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  • Lords’ Rights and Peasant Stories: Writing and the Formation of Tradition in the Later Middle Ages by Simon Teuscher
  • Sally Parkin
Teuscher, Simon, Lords’ Rights and Peasant Stories: Writing and the Formation of Tradition in the Later Middle Ages (Middle Ages), trans. Philip Grace, Philadelphia, University of Pennsylvania Press, 2011; hardback; pp. 320; R.R.P. US$69.95, £45.50; ISBN 9780812243680.

This work is a highly specialized, perhaps confronting study of oral and customary law traditions outside of, and not originally influenced by, jus commune, or Roman and canon law.

In existence since the eleventh century, Weistümer are written forms of law that influence and inform social practices. Jacob Grimm, who published [End Page 317 ] this collection of late medieval records of local law in the mid-nineteenth century, and others assumed that Weistümer were simply the written record, as recounted by villagers before their lord or his representatives, of oral traditions or customary law. Teuscher’s examination of the late medieval processes of writing down laws uncovers the dynamic changes in the practices by which unwritten laws were established, recorded, and implemented. He dismisses the original historical assumption that Weistümer show a transition of oral, customary laws to written forms of law and instead demonstrates that these should be viewed as separate, overlapping processes, not as one stage superseded by the other.

Concise definition of terms and the use of relevant maps would have made this work more easily accessible to those unfamiliar with the political, social, and economic experiences of people in the areas under study. The diversity of the source materials is extensive and covers non-German speaking areas: they are drawn from an area bounded by the foothills of the Alps in the south, the mountain ranges of the Jura in the north, Lake Geneva in the west, and the vicinity of Zürich in the east. Such a large area, now a single nation-state, is used to underscore the main concern of this work, which is to introduce directions for inquiry that have emerged from a focus on regional examples.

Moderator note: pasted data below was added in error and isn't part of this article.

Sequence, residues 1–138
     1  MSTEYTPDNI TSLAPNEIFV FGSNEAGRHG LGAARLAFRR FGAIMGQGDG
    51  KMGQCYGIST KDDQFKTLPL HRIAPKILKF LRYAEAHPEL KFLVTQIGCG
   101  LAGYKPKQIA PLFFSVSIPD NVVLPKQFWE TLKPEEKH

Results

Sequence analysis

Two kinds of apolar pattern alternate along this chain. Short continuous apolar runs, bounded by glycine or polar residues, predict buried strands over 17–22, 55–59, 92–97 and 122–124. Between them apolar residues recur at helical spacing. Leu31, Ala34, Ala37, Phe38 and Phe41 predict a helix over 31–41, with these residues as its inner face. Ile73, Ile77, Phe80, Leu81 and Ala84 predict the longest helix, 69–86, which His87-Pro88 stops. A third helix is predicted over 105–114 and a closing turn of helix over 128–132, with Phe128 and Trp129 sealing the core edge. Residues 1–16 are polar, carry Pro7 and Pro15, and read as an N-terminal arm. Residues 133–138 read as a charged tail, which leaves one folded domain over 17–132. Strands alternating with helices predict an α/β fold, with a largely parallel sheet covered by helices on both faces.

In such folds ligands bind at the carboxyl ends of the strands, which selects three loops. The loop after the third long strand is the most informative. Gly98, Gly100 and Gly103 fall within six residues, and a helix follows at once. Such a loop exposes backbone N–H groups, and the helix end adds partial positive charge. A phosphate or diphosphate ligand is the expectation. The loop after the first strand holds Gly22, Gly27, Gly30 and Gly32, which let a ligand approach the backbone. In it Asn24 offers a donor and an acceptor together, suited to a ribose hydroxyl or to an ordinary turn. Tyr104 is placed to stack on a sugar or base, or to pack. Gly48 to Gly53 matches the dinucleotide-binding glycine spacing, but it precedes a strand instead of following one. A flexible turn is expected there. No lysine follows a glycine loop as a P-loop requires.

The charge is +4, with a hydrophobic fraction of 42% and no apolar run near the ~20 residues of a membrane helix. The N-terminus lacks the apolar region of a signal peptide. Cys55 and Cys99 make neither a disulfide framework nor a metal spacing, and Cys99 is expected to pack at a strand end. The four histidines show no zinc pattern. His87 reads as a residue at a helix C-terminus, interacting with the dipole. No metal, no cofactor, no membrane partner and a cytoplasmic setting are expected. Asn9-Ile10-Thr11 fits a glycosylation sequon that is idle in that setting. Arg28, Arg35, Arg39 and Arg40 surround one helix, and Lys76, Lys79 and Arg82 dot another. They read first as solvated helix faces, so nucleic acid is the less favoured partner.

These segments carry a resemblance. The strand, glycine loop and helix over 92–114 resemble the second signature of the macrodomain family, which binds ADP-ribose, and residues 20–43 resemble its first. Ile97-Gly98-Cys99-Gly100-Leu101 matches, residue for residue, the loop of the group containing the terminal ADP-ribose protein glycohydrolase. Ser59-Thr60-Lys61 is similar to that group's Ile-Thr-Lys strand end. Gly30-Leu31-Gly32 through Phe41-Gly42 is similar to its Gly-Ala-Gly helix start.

Teuscher’s study shows that Weistümer do not represent a large number of isolated, small lordships, but resulted from compilation and amalgamation. Combining Weistümer with deposition records indicates that villagers did not exist in microcosms but in a world that was encompassed by the administrations of centralized authorities. The depositions underline the importance of reconsidering the actual nature and status of lords and peasants, as lords rarely dealt directly with witness depositions concerning common regulations. Officeholders, who were often of the same social status as the deponent, undertook this activity: in one document an individual is described as a peasant, while the same individual can be an officeholder in another.

The previous historical perceptions of what categorized lordship and lord-peasant relationships needs to accommodate much larger and overarching jurisdictions, for instance, the consolidation by the counts of Savoy or by the canons of the Grossmünster of Zürich. Teuscher’s research shows Weistümer, as an aspect of lordship, was one of many available options but did not provide a defining statement of either law or of custom. [End Page 318]

Sally Parkin
Kentucky, New South Wales


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